What is interesting in Roden’s account is that unbounded posthumans mark a discontinuity with both the biological conception of the human —Homo Sapiens as an evolutionary natural species— and a perceptive conception of human persons, namely, sapiens, as a rational agency. These two are different: the first one is what you might call to be “a natural evolutionary human, Homo Sapiens-sapiens” and the other one is to be “human as a functional diagram of the faculties, or capacities, which make human a human”. And they can be in fact, possibly realized by other kinds of physical substrates different from the biological substrate of us. Hence, what is common to both is what you might call “a certain range of necessary activities.” These necessary activities can be thought of as necessary enabling constraints that make us do whatever we do: practical reasoning, theoretical reasoning, hypothetical reasoning, and so on and so forth.
So, according to Roden, the cause of such discontinuity, understood as a radical, cognitive, practical, asymmetry between unbounded posthumans on the one hand, and humans and their bounded descendants, on the other: is technological. Although, it is not attributed to any particular, technical cause but to more general abstract tendencies for disconnection within technical systems. For example, the autonomy of such systems to functionally modify and multiply themselves, in discontinuity with any natural essence or rational law. It is important, here again, to note that there is a continuity, even though this continuity is quite a restricted one, but nevertheless, there is a continuity between Homo Sapiens —namely biological humans— and human as a functional abstraction of necessary faculties for whatever, in fact, existing humans do, if not more.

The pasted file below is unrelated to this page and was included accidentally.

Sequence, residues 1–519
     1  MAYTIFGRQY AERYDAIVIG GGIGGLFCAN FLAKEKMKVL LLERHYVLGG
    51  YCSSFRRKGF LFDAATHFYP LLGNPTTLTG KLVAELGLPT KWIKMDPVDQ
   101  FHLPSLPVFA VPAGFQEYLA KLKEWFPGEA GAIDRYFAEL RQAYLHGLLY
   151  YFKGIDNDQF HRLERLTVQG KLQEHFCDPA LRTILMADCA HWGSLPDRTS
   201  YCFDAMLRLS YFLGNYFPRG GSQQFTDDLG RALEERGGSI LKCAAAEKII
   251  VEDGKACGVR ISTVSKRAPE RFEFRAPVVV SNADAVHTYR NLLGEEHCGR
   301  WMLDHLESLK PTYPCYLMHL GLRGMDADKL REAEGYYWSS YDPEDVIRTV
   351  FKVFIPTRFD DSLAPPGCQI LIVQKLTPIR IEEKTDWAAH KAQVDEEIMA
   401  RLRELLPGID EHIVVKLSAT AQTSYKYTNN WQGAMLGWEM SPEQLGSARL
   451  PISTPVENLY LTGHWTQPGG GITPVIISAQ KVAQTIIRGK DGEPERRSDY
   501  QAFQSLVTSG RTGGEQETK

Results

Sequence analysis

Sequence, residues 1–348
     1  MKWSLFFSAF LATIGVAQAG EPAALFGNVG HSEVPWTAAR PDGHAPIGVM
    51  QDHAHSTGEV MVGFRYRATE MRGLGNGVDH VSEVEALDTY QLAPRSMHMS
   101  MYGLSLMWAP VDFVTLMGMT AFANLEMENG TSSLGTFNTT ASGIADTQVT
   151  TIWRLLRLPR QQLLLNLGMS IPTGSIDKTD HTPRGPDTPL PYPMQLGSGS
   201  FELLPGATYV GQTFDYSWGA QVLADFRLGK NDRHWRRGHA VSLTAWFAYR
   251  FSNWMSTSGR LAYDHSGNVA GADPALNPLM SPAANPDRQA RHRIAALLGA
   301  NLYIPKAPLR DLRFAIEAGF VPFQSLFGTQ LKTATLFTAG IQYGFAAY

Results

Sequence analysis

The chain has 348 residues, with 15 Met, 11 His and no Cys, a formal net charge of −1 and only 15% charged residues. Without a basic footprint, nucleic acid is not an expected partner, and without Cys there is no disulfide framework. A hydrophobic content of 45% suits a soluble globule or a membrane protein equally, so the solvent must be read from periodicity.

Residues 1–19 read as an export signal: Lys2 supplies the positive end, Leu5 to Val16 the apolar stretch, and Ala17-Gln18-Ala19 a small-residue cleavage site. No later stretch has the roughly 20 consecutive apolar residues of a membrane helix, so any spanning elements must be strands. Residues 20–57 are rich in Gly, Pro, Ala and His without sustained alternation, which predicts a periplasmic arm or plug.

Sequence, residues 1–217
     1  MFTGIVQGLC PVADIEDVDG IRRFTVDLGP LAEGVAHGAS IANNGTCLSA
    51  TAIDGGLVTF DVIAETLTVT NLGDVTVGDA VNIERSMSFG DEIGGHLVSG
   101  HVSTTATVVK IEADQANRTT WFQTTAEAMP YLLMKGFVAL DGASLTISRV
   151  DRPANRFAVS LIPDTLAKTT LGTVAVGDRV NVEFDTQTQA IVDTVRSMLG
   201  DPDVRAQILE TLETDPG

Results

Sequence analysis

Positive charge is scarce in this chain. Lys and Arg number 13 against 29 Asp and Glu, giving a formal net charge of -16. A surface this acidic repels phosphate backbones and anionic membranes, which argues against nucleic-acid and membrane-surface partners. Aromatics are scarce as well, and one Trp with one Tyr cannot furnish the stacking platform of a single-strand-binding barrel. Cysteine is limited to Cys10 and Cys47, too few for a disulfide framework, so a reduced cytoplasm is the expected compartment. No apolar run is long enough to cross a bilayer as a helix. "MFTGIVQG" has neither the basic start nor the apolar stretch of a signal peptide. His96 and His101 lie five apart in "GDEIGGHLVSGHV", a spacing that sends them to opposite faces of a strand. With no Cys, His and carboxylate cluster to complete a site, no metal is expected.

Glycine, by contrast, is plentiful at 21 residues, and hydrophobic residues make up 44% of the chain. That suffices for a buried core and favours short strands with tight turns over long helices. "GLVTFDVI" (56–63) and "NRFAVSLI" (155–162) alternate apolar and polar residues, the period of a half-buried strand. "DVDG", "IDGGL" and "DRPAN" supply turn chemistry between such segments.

Now the thing is that discontinuity between Homo Sapiens and Human as an abstraction, as a functional abstraction, already implies multiple realizability. In the sense that it implies that the faculties of Homo Sapiens can be realized by sufficient necessary constraints in other kinds of physical systems. For example: such as computers, such as machines. Whereas what Roden is implying here is that the technological capacities, the technological operations, and he is not specific about the very particularities of how they can give it. But he tries to argue that with the advent of these autonomous technological systems we can understand a different level of multiple realizability, in the sense that we can imagine a machine, a computer, or for that matter, a synthetic biotic life form, to have fundamentally different faculties and constraints than those of human one and human two: Homo Sapiens and human as an abstract functional diagram—simply a list of necessary abilities or faculties, so to speak —in a Kantian sense— or conditions.
So, as I mentioned, the cause of such discontinuity understood as a radical cognitive practical asymmetry between unbounded posthumans on the one hand, and humans and their bounded descendants, on the other: is technological. Although, it is not attributed to any particular, technical cause but to more general abstract tendencies for disconnection within technical systems. As a result of this radical asymmetry, we should then understand that emergent behaviors of a future AGI from within a framework that is recalcitrant--sealed off from--to any well-defined hermeneutics of intelligence, because that well-defined hermeneutics of intelligence it's definitely going to be provided by us, the existing humans, or the existing descendants, or the future descendants, of the existing humans. Whereas what Roden wants to say is that no, as I mentioned, that there will be a radical break away from both: Homo Sapiens as a model and anything that can be artificially realized, or modeled based on Homo Sapiens.
Any questions? No. Ok, I’ll go on then.
Citing Mark Bedau and Paul Humphreys, Roden suggests that a diachronically emergent behavior or property occurs as a result of a temporally extended process but cannot be inferred from the initial state of that process. It can only be derived by allowing the process to run its course. This is what can be called “unbounded posthuman,” namely, “disconnected posthuman,” as a diachronically emergent phenomenon. We are not talking about regular emergence. We are talking about diachronic emergentism. The medium of this diachronicity in “time”—emergence--is a deep time of technology for Roden. In other words, unbounded posthumans cognitively and practically reiterate what seems to be a prevalent characteristic of complex, nonlinear dynamic systems, namely, divergence from initial and boundary conditions. In other words: that disconnected posthuman, in the sense that Roden is talking about it, is, already, a register of nonlinear dynamics.